The Georgian Silver Skewer was introduced during the mid 19th Century. Silver skewers were both decorative and functional. They were predominately used to serve meat and poultry in a nice elegant, refined way at the table. The skewers held the joints in place while the meat was being carved. In general, larger skewers were used for beef and veal joints, while the smaller ones were used for poultry. There are very few skewers that have survived (in good condition with legible hallmarks) prior to 1745. The majority of them that you can acquire date between the 1760s and the 1840s.
Skewers are very similar in design apart from those having ornamental rings or tops. Over the years, they have been used as letter openers and this is their function today.
A very handsome Antique George III Regency Period Sterling Silver Skewer (shown top in photos 1 and 2) also photos 3 and 4. It is quite simple and elegant in design having hallmarks that are quite clear near the ring handle.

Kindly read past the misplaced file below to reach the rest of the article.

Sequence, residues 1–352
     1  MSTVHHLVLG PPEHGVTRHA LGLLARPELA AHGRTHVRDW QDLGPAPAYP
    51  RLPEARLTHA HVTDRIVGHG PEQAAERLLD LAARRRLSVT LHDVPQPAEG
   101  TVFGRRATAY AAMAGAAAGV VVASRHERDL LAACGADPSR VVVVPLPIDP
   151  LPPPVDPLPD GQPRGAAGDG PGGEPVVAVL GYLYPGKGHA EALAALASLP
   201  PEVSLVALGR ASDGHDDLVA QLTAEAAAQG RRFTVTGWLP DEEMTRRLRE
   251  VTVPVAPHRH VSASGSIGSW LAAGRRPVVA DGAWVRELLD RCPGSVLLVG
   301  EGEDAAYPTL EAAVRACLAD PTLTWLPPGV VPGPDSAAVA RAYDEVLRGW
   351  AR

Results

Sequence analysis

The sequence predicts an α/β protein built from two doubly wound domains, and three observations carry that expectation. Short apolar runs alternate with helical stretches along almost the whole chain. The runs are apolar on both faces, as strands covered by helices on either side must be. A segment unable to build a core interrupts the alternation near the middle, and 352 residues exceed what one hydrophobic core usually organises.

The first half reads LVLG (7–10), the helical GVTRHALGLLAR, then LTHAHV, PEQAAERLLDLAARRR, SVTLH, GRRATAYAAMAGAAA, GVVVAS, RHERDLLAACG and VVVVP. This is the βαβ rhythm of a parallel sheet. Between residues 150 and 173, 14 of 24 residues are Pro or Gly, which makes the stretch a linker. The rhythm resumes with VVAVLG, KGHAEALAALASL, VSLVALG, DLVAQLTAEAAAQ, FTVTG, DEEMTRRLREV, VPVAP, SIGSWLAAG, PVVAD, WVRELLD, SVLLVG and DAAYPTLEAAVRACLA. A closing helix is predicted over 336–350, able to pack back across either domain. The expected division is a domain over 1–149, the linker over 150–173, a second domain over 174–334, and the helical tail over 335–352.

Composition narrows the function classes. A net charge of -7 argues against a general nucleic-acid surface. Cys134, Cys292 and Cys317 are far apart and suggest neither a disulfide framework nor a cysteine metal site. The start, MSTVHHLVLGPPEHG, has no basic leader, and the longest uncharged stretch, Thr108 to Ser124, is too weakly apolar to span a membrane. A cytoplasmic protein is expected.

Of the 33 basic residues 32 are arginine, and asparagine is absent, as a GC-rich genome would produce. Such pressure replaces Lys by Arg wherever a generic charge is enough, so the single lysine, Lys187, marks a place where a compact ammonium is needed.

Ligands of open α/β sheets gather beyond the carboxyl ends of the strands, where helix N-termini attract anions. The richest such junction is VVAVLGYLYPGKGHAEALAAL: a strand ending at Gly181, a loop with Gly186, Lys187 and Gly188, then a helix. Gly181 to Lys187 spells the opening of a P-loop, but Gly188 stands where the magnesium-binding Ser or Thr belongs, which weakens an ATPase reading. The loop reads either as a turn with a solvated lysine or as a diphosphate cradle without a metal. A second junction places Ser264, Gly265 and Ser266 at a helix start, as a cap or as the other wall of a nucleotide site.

A fine Antique George III Sterling Silver Skewer (shown bottom in photos 1 and 2) also photo 5. Please note that this skewer does have a monogram on one side of the piece and on the other side are the hallmarks which are right near the ring handle. With the size of this skewer, (11 3/4 inches in length) it becomes quite useful as a letter opener. Either one of these letter openers can be considered as a very nice Father’s Day gift or perhaps for personal indulgence.